From 2017-19, she worked for Michigan Medicine Human Resources before joining Integrative Systems + Design in 2019 as an HR Generalist. Today, she seamlessly helps multicultural and multinational ISD faculty and staff with all of their human resource needs, from onboarding through offboarding, and everything in between. 

“ISD impacts the world from developing sustainable energy to fighting climate change to creating effective processes to help industry,” she said. “We focus on innovation and agility in service of the common good. We integrate resources and different knowledge bases. It’s a privilege to be a part of ISD’s mission, and I am excited to see the leaders that come out of our programs.”

Living and Promoting DEI
One of Hornbacker’s missions is to create an environment where all employees feel authentic, welcomed, supported, listened to, and that they belong regardless of their identities. She leads ISD’s DEI Xteam, dedicated to promoting Diversity, Equity and Inclusion.

“At ISD, we are all about innovation and creativity. From an organizational development perspective, DEI is essential in promoting new ideas, increasing collaboration and cultivating a positive work culture” she said. “We celebrate our differences and I believe we all bring amazing things to the table especially when we feel we can be our authentic selves and are given opportunities to shine.”

Facing Down Prejudices
As an Asian American woman, Hornbacker is no stranger to prejudice or racism, although she would like to stress that her experiences working and living in Ann Arbor have mostly been positive. However, the COVID-19 pandemic has brought a wave of anti-Asian sentiment to the United States, and Hornbacker has been very concerned about the reported rise in hate speech and physical violence against Asian Americans and negative impacts on other marginalized groups.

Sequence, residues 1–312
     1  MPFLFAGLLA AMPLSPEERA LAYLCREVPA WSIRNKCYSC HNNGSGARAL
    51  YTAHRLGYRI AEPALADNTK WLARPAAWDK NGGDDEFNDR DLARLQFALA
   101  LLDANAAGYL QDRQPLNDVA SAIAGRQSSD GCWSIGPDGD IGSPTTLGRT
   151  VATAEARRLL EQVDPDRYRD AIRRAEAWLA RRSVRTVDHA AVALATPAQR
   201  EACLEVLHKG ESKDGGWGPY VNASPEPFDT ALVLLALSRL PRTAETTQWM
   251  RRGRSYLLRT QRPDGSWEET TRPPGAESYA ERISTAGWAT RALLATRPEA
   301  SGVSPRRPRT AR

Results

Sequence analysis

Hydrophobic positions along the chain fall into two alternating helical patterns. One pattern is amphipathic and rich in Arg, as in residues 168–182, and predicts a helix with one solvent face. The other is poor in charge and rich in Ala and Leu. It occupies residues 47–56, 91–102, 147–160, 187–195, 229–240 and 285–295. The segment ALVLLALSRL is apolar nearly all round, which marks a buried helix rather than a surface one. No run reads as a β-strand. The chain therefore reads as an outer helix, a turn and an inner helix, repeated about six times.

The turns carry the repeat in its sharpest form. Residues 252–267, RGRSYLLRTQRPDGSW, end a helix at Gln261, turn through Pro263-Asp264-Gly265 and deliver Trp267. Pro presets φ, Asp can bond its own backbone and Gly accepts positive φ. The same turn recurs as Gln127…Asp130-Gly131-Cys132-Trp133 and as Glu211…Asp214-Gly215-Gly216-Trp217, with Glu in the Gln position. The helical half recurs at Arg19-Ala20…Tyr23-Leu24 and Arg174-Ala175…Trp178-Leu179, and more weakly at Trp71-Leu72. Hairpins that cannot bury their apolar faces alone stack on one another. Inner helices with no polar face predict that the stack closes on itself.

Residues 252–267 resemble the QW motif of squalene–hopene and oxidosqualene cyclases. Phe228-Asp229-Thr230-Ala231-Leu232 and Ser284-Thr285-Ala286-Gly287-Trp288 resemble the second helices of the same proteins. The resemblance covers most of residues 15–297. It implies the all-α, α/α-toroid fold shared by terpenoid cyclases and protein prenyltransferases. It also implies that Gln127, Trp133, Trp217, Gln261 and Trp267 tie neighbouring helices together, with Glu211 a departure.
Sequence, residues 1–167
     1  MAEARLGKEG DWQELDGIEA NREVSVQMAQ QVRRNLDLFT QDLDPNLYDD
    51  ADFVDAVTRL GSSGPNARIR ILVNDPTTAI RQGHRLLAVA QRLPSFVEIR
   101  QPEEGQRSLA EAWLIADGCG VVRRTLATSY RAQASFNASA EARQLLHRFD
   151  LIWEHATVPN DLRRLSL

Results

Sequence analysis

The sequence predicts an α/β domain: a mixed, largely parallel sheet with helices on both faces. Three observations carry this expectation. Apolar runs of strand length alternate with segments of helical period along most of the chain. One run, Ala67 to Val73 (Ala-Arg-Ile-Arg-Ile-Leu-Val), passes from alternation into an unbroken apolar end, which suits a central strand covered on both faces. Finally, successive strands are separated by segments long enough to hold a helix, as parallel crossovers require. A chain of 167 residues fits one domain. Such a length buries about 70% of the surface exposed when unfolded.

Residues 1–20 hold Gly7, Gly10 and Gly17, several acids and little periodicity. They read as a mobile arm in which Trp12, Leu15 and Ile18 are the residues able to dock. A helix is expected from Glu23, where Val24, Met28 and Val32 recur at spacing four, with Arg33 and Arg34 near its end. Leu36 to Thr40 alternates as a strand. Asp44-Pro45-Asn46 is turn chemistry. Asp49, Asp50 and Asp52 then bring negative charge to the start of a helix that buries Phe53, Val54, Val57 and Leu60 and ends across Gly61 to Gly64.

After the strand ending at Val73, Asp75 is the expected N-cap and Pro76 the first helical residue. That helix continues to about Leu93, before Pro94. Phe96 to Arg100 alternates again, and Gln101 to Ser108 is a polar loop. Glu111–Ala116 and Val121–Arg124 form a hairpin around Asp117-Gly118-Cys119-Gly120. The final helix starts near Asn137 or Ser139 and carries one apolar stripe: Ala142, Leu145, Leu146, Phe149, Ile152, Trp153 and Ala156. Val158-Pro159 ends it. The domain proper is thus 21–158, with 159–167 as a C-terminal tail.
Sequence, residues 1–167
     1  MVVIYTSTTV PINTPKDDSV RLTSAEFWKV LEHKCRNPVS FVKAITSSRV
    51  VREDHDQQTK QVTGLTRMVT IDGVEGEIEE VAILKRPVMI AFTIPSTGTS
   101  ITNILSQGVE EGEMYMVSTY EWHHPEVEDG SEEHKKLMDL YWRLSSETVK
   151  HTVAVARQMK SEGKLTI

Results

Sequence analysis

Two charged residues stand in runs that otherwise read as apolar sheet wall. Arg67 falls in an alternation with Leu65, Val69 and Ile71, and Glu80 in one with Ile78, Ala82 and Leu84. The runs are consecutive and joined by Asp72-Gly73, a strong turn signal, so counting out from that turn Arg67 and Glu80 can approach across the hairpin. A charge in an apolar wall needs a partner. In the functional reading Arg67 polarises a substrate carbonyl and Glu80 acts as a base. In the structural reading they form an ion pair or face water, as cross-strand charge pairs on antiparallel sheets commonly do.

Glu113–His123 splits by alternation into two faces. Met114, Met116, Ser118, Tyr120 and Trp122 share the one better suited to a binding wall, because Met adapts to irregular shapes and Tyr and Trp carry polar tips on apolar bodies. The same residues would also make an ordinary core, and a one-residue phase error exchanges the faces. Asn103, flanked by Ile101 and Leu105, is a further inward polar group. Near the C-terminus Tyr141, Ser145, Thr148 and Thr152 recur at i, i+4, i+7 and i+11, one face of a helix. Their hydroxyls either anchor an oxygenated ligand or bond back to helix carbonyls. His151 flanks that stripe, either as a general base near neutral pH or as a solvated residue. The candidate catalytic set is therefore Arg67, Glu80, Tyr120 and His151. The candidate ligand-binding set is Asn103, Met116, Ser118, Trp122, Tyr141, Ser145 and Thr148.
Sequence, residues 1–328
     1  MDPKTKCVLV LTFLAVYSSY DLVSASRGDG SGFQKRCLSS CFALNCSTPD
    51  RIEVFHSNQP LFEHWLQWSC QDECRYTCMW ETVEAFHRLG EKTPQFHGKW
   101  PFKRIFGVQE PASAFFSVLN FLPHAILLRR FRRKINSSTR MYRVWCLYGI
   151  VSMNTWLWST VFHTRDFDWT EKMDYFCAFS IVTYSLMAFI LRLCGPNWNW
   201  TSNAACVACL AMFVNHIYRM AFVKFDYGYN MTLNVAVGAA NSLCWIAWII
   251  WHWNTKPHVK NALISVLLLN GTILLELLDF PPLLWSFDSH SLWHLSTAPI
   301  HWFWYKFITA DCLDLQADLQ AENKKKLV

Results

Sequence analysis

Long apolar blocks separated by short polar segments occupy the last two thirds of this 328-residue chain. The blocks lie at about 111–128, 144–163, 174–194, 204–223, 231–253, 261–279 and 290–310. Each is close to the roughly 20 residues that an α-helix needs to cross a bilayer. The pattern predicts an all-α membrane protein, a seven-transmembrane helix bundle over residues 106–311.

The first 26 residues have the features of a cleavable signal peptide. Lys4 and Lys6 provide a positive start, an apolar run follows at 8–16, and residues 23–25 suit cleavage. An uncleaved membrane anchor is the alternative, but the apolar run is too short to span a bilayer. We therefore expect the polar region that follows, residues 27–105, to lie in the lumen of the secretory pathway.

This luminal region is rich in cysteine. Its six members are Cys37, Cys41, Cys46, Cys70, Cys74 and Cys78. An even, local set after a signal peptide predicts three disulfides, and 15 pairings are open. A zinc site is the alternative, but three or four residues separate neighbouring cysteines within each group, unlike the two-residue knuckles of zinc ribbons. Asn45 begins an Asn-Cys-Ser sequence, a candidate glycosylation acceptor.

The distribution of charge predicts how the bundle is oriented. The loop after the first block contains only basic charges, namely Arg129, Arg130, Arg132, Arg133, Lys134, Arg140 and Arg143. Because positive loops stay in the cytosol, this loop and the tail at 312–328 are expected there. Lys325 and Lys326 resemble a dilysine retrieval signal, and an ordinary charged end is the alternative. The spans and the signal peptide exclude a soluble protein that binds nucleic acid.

“Many Asian American groups experience discrimination on a consistent basis,” she said. “It’s important to make people more aware of these issues. As an international person learning and understanding American culture, I am distressed to find violence increased significantly during the pandemic.”

In addition to Hornbacker’s personal awakening, the University at large has been working to identify the extent to which systemic racism is embedded in American culture. To improve awareness and understanding, ISD DEI efforts include incorporating best DEI practices into the hiring process, highlighting heritage months and celebrating culture at monthly staff meetings, offering DEI enrichment events, hosting the DEI Action Summit, and providing space for ISD community members to discuss DEI challenges they see. 

“Any small progress we make is good progress,” she said. “We listen. We learn. It is important to keep individualities and intersectionality at the forefront of DEI efforts. There are extensive cultural differences and DEI dimensions between different, “diverse” groups, so generalized discussions are largely unproductive. Also, It can be a challenge to seek out diverse voices without tokenizing individuals. It is important to provide a platform to speak if individuals are seeking a chance to speak, while respecting that some might instead prefer to keep a lower profile”

What’s next?
Hornbacker is passionate about travel and would love to visit her family in Thailand once it is safer to travel long distances. But that is not the only destination she has in mind: “I like to travel,” she said. “I love Southeast Asia and Europe. My ideal vacation is going to Greece. I used to obsess over Greek mythology growing up.”